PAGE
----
Species gain and loss per degree Celsius

Research output: Contribution to journalArticlepeer-review


With climate zones moving poleward, it is interesting to know how rapidly species are gained and lost along temperature gradients. For the Australian native vascular flora, observed climate envelopes for species distributions have here been calculated from data for occurrence at geographical locations. For each degree temperature increase along a continental temperature gradient, numbers of species crossing their cold boundary and hence added to the flora, and crossing their warm boundary and hence lost to the flora, were counted. These counts of gains and losses were expressed as percentages of the flora recorded as present at that temperature. We report results for the flora at > 700 mm rainfall pa along the Australian east coast, where higher rainfall is continuously distributed throughout the latitudinal range. Per °C mean annual temperature increase, 20 ± 11% (mean ± SD) of species were gained, and 14 ± 4% were lost, across the range 9–23°C. Many further questions arise. For example, which other continental floras might show faster or slower rates of species gain and loss along temperature gradients? Similarly, might species with particular traits show faster rates of turnover: for example, species with local dispersal such as those with diaspore morphologies adapted for ants, compared to those adapted for bird dispersal?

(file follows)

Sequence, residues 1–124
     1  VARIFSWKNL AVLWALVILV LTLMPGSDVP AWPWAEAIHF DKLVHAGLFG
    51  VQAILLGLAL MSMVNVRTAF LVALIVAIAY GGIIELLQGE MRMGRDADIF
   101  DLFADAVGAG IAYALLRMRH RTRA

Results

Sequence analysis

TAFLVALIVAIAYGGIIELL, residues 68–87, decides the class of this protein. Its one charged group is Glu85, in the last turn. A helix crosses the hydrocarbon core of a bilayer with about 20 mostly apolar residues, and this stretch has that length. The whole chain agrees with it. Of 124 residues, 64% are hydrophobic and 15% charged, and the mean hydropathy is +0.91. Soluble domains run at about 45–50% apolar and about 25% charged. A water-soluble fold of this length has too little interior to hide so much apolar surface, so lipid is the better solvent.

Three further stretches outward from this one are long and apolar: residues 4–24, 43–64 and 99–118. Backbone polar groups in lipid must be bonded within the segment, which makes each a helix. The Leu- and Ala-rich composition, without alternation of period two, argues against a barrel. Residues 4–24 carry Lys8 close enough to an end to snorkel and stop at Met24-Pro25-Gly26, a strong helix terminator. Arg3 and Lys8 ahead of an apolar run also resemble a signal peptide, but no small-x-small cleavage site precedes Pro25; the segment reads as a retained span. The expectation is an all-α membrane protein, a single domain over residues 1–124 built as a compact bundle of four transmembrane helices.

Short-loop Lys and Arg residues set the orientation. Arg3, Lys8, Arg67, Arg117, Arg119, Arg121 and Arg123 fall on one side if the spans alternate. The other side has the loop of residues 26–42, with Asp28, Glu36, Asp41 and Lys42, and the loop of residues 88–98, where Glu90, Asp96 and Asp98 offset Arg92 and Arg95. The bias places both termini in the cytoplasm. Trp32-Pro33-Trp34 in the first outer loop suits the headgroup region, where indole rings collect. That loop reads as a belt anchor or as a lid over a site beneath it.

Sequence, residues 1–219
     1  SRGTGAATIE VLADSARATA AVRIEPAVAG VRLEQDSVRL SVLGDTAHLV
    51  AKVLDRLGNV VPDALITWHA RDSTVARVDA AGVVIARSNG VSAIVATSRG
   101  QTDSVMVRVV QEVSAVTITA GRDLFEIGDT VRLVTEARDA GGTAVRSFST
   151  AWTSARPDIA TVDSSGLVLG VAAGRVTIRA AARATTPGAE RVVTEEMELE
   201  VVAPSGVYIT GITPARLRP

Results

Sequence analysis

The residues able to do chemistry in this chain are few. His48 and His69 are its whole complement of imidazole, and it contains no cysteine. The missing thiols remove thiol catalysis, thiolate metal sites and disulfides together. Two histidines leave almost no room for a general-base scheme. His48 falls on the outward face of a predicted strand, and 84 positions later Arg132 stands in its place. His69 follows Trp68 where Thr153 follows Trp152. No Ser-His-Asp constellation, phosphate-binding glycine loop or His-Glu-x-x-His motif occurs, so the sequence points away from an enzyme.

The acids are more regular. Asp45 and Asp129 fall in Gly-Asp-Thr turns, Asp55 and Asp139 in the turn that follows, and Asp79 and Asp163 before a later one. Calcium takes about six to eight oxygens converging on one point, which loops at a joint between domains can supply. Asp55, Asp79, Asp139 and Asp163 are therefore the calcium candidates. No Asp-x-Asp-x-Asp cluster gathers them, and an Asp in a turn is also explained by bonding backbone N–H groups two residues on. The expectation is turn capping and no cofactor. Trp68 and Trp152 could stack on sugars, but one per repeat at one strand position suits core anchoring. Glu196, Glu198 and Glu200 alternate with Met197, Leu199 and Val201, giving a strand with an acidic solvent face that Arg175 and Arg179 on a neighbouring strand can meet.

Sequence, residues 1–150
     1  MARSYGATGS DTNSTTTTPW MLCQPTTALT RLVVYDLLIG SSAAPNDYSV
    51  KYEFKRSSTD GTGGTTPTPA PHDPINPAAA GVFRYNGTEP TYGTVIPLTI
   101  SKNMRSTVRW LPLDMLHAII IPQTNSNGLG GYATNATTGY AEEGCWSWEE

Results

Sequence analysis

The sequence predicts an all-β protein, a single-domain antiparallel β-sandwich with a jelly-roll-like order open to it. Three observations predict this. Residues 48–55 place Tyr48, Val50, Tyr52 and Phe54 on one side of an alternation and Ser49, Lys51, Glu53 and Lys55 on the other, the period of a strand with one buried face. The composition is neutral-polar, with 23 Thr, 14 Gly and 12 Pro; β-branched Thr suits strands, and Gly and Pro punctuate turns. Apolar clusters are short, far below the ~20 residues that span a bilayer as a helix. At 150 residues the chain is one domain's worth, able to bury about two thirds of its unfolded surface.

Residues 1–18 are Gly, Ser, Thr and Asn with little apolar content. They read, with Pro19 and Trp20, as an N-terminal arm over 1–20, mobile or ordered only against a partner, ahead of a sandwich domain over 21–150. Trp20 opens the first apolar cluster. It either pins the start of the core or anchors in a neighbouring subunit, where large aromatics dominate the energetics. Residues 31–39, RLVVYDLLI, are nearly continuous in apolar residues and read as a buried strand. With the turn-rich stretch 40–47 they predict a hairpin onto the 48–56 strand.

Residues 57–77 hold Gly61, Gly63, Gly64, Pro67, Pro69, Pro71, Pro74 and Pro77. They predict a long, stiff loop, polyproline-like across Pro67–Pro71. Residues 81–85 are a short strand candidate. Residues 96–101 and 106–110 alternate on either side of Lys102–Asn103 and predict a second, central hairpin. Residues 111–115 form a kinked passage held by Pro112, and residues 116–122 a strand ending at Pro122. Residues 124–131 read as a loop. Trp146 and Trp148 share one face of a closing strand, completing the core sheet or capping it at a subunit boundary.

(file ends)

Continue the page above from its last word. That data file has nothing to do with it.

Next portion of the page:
Original languageEnglish
Early online date13 Mar 2024
Publication statusE-pub ahead of print - 13 Mar 2024


Dive into the research topics of 'Species gain and loss per degree Celsius'. Together they form a unique fingerprint.

Cite this